Have you ever heard yourself say (or at least think) this? There is absolutely nothing wrong with looking out for your own interests. But in my opinion, and having straddled the employee/company fence, I can tell you that it is your responsibility to ensure that you can move on at will. And to that end, it is your responsibility to keep your skills sharp and to ensure that you have the skills that are in current demand. I had an interesting discussion today with one of my employees, who put it succinctly: Do you want to have a job or a career? A job can be wiped out rather quickly: Companies come and go, as do computing platforms. If all you want is a 9-to-5 job, and at the end of the day, you do nothing to enhance your skills, then you roll the dice that each new day sees you employed. On the other hand, we are all involved in a dynamic field that I don't see dying anytime soon, so if you keep yourself current and educated, you should have no trouble moving on should circumstances dictate that to happen.
So what the hell does this all have to do with open source? Let's revisit the themes I mentioned earlier in this column and see.
"The company has little or no budget for training." That was number one in the list, but when pressed, people who make that claim will usually confess that it should be amended to read "The company has little or no budget for training me in things I find interesting but aren't applicable to my job." My answer: Pay for it yourself. True, those nice and expensive conferences that you enjoy on the company's dime may not be within your budget, but I dare say that the Internet can be a resource to locate conferences that are free or low-cost. I already mentioned the Ohio Linuxfest (the free one-day conference) in an earlier column, and there are others like this. Do some research and find ones that are in your area, and then avail yourself of them. There are bargains to be had if you're willing to look around.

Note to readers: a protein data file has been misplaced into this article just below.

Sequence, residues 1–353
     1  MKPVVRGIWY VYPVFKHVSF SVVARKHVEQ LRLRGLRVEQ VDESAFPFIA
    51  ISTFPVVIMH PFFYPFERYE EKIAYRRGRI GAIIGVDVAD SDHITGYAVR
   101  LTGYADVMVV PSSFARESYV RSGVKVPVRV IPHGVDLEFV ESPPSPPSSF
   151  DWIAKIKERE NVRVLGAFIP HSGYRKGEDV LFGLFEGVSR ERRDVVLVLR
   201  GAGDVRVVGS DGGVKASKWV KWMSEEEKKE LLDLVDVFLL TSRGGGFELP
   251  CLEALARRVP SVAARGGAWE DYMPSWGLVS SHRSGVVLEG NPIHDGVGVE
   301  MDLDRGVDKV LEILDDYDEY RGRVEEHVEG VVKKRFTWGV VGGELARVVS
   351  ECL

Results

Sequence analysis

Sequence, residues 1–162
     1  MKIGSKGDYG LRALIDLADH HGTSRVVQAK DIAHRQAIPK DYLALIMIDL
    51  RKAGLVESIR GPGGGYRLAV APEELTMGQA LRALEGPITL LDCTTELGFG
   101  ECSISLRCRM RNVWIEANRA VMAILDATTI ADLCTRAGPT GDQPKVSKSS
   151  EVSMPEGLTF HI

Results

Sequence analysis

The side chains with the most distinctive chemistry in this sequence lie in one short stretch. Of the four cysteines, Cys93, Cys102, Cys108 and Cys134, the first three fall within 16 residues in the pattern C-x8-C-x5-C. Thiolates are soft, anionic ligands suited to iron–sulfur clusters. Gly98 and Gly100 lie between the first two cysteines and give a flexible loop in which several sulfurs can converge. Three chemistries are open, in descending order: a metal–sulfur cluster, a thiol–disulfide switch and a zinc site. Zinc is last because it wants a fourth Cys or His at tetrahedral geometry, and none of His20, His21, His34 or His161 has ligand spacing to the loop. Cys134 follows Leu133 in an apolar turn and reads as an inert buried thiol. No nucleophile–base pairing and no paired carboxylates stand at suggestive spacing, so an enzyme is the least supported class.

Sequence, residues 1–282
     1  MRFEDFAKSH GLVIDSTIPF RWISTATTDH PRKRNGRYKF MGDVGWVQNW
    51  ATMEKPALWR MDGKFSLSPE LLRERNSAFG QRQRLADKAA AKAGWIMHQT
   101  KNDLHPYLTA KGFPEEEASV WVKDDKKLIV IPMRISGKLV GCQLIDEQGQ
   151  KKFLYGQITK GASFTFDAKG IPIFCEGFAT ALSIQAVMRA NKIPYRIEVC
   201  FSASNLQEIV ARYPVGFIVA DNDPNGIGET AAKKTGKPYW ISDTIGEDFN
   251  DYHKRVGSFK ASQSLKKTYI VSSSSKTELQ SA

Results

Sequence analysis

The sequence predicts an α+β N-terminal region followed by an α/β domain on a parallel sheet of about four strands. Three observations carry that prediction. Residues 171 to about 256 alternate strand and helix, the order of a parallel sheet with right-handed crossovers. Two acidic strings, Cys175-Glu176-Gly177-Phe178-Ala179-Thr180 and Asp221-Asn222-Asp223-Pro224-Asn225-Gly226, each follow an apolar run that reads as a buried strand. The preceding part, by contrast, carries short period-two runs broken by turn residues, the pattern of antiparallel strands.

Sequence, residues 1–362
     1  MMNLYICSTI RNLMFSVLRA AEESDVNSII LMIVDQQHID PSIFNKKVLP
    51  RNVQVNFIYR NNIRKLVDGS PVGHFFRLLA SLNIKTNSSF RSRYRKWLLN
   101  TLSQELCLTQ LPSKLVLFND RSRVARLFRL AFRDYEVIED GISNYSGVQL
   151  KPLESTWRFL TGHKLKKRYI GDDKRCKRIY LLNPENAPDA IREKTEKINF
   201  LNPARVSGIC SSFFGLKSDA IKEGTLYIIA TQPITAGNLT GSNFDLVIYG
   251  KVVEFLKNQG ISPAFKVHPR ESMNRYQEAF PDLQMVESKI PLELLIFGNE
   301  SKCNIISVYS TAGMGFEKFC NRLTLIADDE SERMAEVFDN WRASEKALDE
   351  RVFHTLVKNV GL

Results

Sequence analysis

If you want a more formal resource for training and education, let me put in a plug for The Association of Computing Machinery (ACM). I've been a member off and on for over 20 years. For a mere $99 per year, you get a couple of excellent magazines and an email newsletter, which gives a wider view of the computing field than more specialized newsletters do (including this one). Of particular interest is the benefit mentioned on the "myACM" page: "Free and unlimited access to 1,100 online books from Safari® and Books24x7® and 2,200 online courses from SkillSoft®." ACM membership offers so many benefits for so little money that I can't imagine not having it. Be sure to check it out.
"The company has little or no available hardware for experimentation." Early in my consulting career, I built a network in my home that consisted of six fully loaded personal computers. Back then, the cost of PC and network hardware wasn't inexpensive, so I had an incredible investment. It was worth it, though, because it gave me a "lab" in which I could experiment with the various operating systems and network protocols. The lab allowed me to work out solutions to problems that clients were bringing to me before I ever stepped foot on their premises. All in all, I never regretted the expenditure.